Head shown by its early development to be triprosthomerous and consequently tetartognathous. The first prosthomere has its appendages represented by the compound eyes and a protocerebrum, the second has the antennae for its appendages and a deutocerebral neuromere, the third has suffered suppression of its appendages (which corresponded to the second pair of antennae of Crustacea), but has a tritocerebrum and coelomic chamber. The mandibular somite bears a pair of gnathobasic hemignaths without rami or palps, and is followed by two jaw-bearing somites (maxillary and labial). This enumeration would give six somites in all to the head—three prosthomeres and three opisthomeres. Recent investigations (Folsom, 4) show the existence in the embryo of a prae-maxillary or supra-lingual somite which is suppressed during development. This gives seven somites to the Hexapod’s head, the tergites of which are fused to form a cephalic carapace or box. The number is significant, since it agrees with that found in Edriophthalmous Crustacea, and assigns the labium of the Hexapod to the same somite numerically as that which carries the labium-like maxillipedes of those Crustacea.

The somites following the head are strictly nomomeristic and nomotagmic. The first three form the thorax, the appendages of which are the walking legs, tipped with paired claws or ungues (compare the homoplastic claws of Scorpio and Peripatus). Eleven somites follow these, forming the abdominal “tagma,” giving thus twenty-one somites in all (as in the higher Crustacea). The somites of the abdomen all may carry rudimentary appendages in the embryo, and some of the hinder somites may retain their appendages in a modified form in adult life. Terminal telescoping of the abdominal somites and excalation may occur in the adult, reducing the obvious abdominal somites to as few as eight. The genital apertures are median and placed far back in the series of somites, viz. the female on the seventh abdominal (seventeenth of the whole series) and the male on the ninth or ante-penultimate abdominal (nineteenth of the whole series). The appendages of the eighth and tenth abdominal somites are modified as gonapophyses. The eleventh abdominal segment is the telson, usually small and soft; it carries the anus.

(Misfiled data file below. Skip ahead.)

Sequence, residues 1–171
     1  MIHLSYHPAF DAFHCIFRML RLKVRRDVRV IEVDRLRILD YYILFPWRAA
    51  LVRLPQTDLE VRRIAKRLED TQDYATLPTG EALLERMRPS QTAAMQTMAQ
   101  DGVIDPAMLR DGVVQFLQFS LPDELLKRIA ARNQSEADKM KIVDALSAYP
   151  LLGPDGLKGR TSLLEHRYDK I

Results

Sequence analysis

The Hexapoda are not only all confined to a very definite disposition of the somites, appendages and apertures, as thus indicated, but in other characters also they present the specialization of a narrowly-limited highly-developed order of such a class as the Crustacea rather than a range from lower more generalized to higher more specialized forms such as that group and also the Arachnida present. It seems to be a legitimate conclusion that the most primitive Hexapoda were provided with wings, and that the term Pterygota might be used as a synonym of Hexapoda. Many Hexapoda have lost either one pair or both pairs of wings; cases are common of wingless genera allied to ordinary Pterygote genera. Some Hexapods which are very primitive in other respects happen to be also Apterous, but this cannot be held to prove that the possession of wings is not a primitive character of Hexapods (compare the case of the Struthious Birds). The wings of Hexapoda are lateral expansions of the terga of the second and third thoracic somites. They appear to be serial equivalents (homogenous meromes) of the tracheal gills, which develop in a like position on the abdominal segments of some aquatic Hexapods.